When your heart is broken there isn’t much to say. Yet there can be an urge to get “it” out.  That something that aches inside, which words can never really describe, yet we attempt to do so anyway.  This old friend named Loss sits on my heart and no amount of tongue wagging will make this friendship any easier.  Images at a time like this are superior to speech so I look at the picture of my grandma at age 17 every day.  It’s working so far to have her original photograph near my bed above my dresser.  Because she is in her youth, framed by simple yet elegant silver plate, it’s easier to take her absence in the world a bit more slowly and softly.  Had I put in the same spot an 8×10 photo of her as I knew her; hair short and curled with her face softened from age, my experience of grieving her would have had sharper edges.  Instead my body and mind take in the hollow space she left more symbolically, a function that highlights her yet provides an indirect approach to grieving her.

The one thing I can’t get away from is the randomness of tears. Particularly and unbeknownst to me, any story that has anything to do with abortion just sets my eyes to water.  Though I’ve been personally pro-life for most of my life, I feel lately particularly protective and saddened for the discarded unborn.  Though I don’t logically feel a need to be political, my body seems to respond with an almost shocked bewilderment to the concept of medicalized pre-birth euthanasia.  How this ties into the loss of grandmother makes little sense to me.  She was a Catholic who followed in church belief on this issue, but it wasn’t anything we much discussed as the one time it came up, we agreed upon it.  The issue as a whole is one I thought I made relative peace with; I think it’s a horrible horrible thing but at the end of the day, if I had to vote on the matter, I would be afraid for women’s lives if it was made illegal.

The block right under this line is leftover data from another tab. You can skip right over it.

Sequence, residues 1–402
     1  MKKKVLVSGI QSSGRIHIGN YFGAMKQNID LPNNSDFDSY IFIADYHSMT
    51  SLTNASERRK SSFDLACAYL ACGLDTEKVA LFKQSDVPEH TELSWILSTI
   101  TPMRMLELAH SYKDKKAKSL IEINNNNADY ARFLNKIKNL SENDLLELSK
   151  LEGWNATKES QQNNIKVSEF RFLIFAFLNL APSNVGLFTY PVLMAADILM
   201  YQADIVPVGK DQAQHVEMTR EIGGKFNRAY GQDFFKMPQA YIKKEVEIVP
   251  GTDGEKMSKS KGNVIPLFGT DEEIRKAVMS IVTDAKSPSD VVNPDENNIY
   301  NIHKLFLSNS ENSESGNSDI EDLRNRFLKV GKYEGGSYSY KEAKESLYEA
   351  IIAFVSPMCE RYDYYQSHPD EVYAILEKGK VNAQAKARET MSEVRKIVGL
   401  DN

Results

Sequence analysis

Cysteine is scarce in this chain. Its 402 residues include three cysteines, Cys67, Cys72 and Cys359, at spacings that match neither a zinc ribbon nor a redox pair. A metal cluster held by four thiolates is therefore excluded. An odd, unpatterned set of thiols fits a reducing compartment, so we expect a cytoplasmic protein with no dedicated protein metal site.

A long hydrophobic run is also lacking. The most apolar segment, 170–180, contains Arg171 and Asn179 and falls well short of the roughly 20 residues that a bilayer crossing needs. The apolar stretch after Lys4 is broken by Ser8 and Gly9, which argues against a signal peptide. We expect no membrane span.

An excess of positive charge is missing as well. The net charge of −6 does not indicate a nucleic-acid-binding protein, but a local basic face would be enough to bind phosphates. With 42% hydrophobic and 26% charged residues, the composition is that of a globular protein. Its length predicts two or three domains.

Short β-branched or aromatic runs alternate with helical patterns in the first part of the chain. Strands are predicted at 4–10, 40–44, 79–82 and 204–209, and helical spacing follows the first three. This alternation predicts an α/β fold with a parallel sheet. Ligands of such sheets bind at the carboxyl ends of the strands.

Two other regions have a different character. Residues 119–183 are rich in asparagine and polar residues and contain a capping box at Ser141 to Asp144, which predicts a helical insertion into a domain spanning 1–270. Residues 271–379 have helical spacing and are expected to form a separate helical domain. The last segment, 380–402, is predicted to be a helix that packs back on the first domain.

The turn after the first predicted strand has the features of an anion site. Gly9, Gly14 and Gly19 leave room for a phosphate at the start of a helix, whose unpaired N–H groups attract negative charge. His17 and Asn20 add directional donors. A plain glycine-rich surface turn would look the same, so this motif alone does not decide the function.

Going to the coffee shop this morning I looked at the faces of children, teens, and adults. I thought to myself “what if this person was never born, or that person over there?”  The world, I realized, would be altered forever because the morning barista Amanda wasn’t there.  I wouldn’t know about her artist boyfriend and that she’s had a busy summer with family visits.  Sure another person could have stood where she stood this morning and perhaps I’d know about them too, but it is Amanda I know a bit about, and it is her face that cheers me up even when I’m tired and want a 2nd cup of coffee.  She is a life, a being, and without her here, how many people’s lives would be changed because of her absence?